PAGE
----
(Home-My Story)....... True, Tragic and Unnecessary Gay Youth Suicide Stories...................... (EspaŮol)
PART 2 (page 12 of 34)
Homosexuals and Bisexuals Are Usually Invisible,
Pretending to be Somebody That They are Not, Straight
Heterosexual Marriage for Gays?
Simplistic and lazy thinking plus stereotyping are so much easier than doing the hard mental work to find out the truth. The truth is that most homosexuals and bisexuals are invisible, who live in hidden and quiet misery. Many gay men and lesbians do stand out by having some of the mannerisms of the opposite sex; like the "limp wrist" for gay men and the "masculine swagger" for lesbians. But I want to say right now that I applaud and support the right of gays and lesbians to be exactly who they feel most natural to be as long as the behavior is not abusive. But I believe that the majority of homosexuals do not stand out, that they look and behave like and are indistinguishable from heterosexuals, at least on the surface.
gays and lesbians marry someone of the opposite sex in order to try and fit
in and do whatís expected and even demanded of them by their families, many
conservative Christian and Catholic leaders and society in general. They get regular jobs, are law abiding citizens and some
are even members of gay-bashing Catholic and Protestant Churches (some of
the most anti-gay members are gay themselves trying to protect themselves
from being discovered). They know that if they make themselves known for who
they really love, that their lives will be over as they know it. As was
mentioned in "A Gay Christmas Carol" in Part 1, Chapter 3 - "The Second
Spirit" (or click here), they know that they would have to
live with the constant fear of being:
hated (even by their own families),
laughed at and humiliated by being made the butt of jokes,
made to feel as if they were somehow sick or mentally defective,
condemned to hell by organized religion,
arrested and thrown in jail,
lose their jobs,
refused housing and
isolated to a large extent by society.
Heterosexual Marriage for Gays?
So homosexuals pretend to be somebody that they are not, straight, and get themselves into opposite-sex marriages that are doomed to fail from the start and even have kids. They are almost always good and loving parents but the critical relationship with their spouse can be very strained, artificial and not very satisfying for either participant. As Bruce Bawer says in his book, A Place At The Table, "any intelligent, sensitive person who has ever seen such unions in real life knows that they are [a] mockery of marriage." Separation or divorce is the usual outcome. And the innocent victim in the relationship is the heterosexual spouse who doesnít understand what went wrong, at least at first and then is devastated when the truth comes to light. Because who in his or her right mind would choose to come to the most intimate relationship of life knowing that one was always "second best" in the heart and desire of one's mate? (1) The other victims of course, are the children who always suffer when their parents donít get along with each other.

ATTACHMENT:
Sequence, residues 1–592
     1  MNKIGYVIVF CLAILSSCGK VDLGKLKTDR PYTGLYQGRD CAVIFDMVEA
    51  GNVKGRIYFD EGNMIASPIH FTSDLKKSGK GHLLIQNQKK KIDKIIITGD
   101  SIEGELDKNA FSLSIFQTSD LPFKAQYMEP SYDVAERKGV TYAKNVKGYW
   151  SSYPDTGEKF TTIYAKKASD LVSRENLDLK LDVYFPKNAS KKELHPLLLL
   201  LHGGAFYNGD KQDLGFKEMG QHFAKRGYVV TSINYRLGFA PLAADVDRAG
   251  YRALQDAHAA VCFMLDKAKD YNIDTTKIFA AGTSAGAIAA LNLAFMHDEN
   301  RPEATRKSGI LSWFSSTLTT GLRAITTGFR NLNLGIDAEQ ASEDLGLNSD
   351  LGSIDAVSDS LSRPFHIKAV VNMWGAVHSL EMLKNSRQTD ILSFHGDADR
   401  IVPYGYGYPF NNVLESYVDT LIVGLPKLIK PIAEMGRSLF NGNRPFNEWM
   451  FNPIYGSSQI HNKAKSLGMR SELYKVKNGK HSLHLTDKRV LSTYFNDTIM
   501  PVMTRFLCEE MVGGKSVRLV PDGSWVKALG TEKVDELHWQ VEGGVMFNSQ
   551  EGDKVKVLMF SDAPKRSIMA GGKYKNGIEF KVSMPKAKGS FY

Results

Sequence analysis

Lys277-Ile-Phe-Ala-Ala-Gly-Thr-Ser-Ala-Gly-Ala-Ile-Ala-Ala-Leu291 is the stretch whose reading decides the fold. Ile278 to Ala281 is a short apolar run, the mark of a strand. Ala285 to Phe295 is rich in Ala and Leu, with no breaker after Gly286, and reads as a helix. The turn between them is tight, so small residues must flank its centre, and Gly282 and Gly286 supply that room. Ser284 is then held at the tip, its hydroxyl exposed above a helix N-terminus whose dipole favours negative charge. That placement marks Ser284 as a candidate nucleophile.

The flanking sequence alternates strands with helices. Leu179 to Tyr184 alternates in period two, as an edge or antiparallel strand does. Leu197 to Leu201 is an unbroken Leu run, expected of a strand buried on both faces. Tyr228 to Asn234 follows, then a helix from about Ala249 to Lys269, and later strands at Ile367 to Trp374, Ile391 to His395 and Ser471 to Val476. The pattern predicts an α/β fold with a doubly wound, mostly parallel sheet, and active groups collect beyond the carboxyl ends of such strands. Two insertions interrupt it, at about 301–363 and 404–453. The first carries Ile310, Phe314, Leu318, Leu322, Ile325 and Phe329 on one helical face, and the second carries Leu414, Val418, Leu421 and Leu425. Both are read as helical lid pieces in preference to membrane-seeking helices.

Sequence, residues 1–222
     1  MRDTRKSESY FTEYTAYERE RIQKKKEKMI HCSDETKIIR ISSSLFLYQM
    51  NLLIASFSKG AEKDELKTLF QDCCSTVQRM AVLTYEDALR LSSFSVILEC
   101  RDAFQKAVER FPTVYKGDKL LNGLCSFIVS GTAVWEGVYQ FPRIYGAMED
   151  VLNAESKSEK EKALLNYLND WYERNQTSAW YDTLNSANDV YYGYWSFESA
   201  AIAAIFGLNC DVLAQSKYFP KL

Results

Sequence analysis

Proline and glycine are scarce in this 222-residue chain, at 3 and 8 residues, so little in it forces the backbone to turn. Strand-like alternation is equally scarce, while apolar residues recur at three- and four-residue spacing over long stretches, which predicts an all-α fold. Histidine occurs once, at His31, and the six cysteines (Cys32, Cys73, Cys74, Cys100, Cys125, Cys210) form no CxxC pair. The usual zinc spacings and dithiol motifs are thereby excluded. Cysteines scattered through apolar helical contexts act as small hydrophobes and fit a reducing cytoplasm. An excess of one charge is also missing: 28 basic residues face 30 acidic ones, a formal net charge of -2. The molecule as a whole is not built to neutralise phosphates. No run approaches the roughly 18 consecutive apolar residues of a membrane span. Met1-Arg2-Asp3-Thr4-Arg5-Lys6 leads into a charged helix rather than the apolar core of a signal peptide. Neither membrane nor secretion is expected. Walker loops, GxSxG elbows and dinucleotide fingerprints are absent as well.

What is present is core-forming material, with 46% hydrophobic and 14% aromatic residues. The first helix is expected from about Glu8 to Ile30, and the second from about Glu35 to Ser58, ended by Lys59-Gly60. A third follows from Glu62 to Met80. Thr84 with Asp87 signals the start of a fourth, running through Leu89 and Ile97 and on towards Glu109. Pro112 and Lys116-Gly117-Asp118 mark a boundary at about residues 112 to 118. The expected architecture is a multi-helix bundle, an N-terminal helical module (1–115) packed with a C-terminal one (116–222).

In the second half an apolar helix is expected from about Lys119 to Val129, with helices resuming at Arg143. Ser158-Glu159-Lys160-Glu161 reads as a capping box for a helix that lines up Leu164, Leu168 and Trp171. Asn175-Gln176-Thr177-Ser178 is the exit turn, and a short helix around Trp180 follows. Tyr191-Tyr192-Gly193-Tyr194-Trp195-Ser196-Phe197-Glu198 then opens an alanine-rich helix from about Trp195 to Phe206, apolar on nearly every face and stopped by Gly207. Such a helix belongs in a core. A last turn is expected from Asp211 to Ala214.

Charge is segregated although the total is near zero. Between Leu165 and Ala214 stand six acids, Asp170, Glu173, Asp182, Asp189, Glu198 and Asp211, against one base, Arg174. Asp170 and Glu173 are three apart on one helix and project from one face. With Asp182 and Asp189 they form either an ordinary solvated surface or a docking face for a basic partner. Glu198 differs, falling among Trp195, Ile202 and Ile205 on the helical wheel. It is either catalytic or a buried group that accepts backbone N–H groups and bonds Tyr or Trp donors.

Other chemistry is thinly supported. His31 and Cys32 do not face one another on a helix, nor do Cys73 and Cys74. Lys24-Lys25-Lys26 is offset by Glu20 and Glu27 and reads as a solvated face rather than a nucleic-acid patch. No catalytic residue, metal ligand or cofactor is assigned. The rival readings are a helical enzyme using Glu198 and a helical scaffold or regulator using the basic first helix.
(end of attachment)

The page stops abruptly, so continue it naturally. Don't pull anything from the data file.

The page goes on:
So with the above mentioned fate sort of preordained for such marriages, it is highly disingenuous for conservative evangelical Christian leaders to suggest that heterosexual wedlock is a solution to the dilemma of the gay Christian who believes that celibacy is not an option. For them to suggest that all that is required for a successful heterosexual marriage by a gay person is the ability to function heterosexually and the ability to control homosexual behavior (2), is a grotesque, sterile picture of marriage, one utterly lacking in that community of spirit, mutual desire and genuine emotional connection - the rising up of soul to soul - that are essential to a happy, life-giving union. (1)
But Gary, what real evidence do you have that heterosexual marriage is a bad thing for gay men? And for their unsuspecting straight partners? Please read on:
First of all, John J. McNeill, in The Church and The Homosexual writes:
It is interesting to note that one priest, acting as a canon lawyer in a marriage tribunal, claims that over one-third of the divorce cases he handled were based in the fact that one or the other partner was homosexually inclined. For as I have pointed out, many homosexuals attempt to hide their condition by entering into marriage.
If the homosexual community were allowed to play its role in society with full acceptance, homosexuals would cease to play their present negative role of undermining the marriage relationship, into which they have been forced by their desire to escape detection. (3)
Secondly, Straight Ex-spouses Are Another
Witness of the Damage That Demonization of Homosexuals Causes To Our Society
Read the following article from the Washington Post, By Theresa Vargas on Sunday, November 8, 2009 to understand one of the results of religious homophobic poison:
a quiet voice for
Legalization could avert doomed relationships, straight ex-spouses say
By Theresa Vargas, The Washington Post
If anyone could have talked himself out of being gay,
Kimberly Brooks said, it was her husband.
He wanted to be straight; she wanted him to be straight. She once followed his gaze across the beach to another man but quickly dismissed the thought. No, he couldn't be. Then he started spending more time with one particular friend, and an unease pushed Brooks to ask the question that ultimately confirmed her fears: Was that friend gay?
"He said, 'I don't know.' And in that moment, I knew," said Brooks, who is a therapist in Falls Church. "That day, the marriage was over."
As the debate over legalizing same-sex marriage in the District [Washington D. C. Same-sex marriage in the District of Columbia was legalized on December 18, 2009 after this article was written] grows louder and more polarized, there are people whose support for the proposal is personal but not often talked about. They are federal workers and professionals, men and women who share little except that their former spouses tried to live as heterosexuals but at some point realized they could not.
Many of these former spouses -- from those who still feel raw resentment toward their exes to those who have reached a mutual understanding -- see the legalization of same-sex marriage as a step toward protecting not only homosexuals but also heterosexuals. If homosexuality was more accepted, they say, they might have been spared doomed marriages followed by years of self-doubt.
"It's like you hit a brick wall when they come out," Brooks said. "You think everything is fine and then, boom!"
Carolyn Sega Lowengart calls it "retroactive humiliation." It's that embarrassment that washes over her when she looks back at photographs or is struck by a memory and wonders what, if anything, from that time was real. Did he ever love her?
"I'm 61 years old," said Lowengart, who lives in Chevy Chase. "Will I ever know what it's like to be loved passionately? Probably not."
Discovering The Truth